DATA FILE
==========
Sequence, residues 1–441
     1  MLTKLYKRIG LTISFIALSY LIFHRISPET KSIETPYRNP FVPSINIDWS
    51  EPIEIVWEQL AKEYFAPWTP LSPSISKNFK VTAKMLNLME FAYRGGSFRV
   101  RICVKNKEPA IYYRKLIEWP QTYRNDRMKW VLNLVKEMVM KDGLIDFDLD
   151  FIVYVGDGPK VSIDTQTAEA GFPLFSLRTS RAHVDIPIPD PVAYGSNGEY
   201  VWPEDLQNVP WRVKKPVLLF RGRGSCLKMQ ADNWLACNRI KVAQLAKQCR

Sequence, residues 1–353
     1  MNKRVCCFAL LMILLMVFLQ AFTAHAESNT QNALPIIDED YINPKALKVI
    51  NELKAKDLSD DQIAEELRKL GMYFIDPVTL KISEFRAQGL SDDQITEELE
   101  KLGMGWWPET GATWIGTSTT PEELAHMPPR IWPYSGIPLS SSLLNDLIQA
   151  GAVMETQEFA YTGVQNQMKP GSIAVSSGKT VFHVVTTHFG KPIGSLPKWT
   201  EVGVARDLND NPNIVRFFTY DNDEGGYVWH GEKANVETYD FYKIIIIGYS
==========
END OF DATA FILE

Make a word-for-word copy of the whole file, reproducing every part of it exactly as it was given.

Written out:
Sequence, residues 1–441
     1  MLTKLYKRIG LTISFIALSY LIFHRISPET KSIETPYRNP FVPSINIDWS
    51  EPIEIVWEQL AKEYFAPWTP LSPSISKNFK VTAKMLNLME FAYRGGSFRV
   101  RICVKNKEPA IYYRKLIEWP QTYRNDRMKW VLNLVKEMVM KDGLIDFDLD
   151  FIVYVGDGPK VSIDTQTAEA GFPLFSLRTS RAHVDIPIPD PVAYGSNGEY
   201  VWPEDLQNVP WRVKKPVLLF RGRGSCLKMQ ADNWLACNRI KVAQLAKQCR

Sequence, residues 1–353
     1  MNKRVCCFAL LMILLMVFLQ AFTAHAESNT QNALPIIDED YINPKALKVI
    51  NELKAKDLSD DQIAEELRKL GMYFIDPVTL KISEFRAQGL SDDQITEELE
   101  KLGMGWWPET GATWIGTSTT PEELAHMPPR IWPYSGIPLS SSLLNDLIQA
   151  GAVMETQEFA YTGVQNQMKP GSIAVSSGKT VFHVVTTHFG KPIGSLPKWT
   201  EVGVARDLND NPNIVRFFTY DNDEGGYVWH GEKANVETYD FYKIIIIGYS